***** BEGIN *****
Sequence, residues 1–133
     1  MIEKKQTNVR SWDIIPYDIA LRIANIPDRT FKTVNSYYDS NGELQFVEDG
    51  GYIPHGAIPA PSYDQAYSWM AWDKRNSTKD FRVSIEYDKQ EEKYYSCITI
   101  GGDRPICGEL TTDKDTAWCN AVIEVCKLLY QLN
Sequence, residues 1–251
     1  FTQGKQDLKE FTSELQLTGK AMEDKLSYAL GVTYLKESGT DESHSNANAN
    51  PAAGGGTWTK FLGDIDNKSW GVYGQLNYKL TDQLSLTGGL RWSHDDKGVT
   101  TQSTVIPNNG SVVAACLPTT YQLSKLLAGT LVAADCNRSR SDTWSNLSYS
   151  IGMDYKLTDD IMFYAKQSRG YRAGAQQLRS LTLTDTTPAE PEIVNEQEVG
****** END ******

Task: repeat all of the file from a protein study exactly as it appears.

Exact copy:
Sequence, residues 1–133
     1  MIEKKQTNVR SWDIIPYDIA LRIANIPDRT FKTVNSYYDS NGELQFVEDG
    51  GYIPHGAIPA PSYDQAYSWM AWDKRNSTKD FRVSIEYDKQ EEKYYSCITI
   101  GGDRPICGEL TTDKDTAWCN AVIEVCKLLY QLN
Sequence, residues 1–251
     1  FTQGKQDLKE FTSELQLTGK AMEDKLSYAL GVTYLKESGT DESHSNANAN
    51  PAAGGGTWTK FLGDIDNKSW GVYGQLNYKL TDQLSLTGGL RWSHDDKGVT
   101  TQSTVIPNNG SVVAACLPTT YQLSKLLAGT LVAADCNRSR SDTWSNLSYS
   151  IGMDYKLTDD IMFYAKQSRG YRAGAQQLRS LTLTDTTPAE PEIVNEQEVG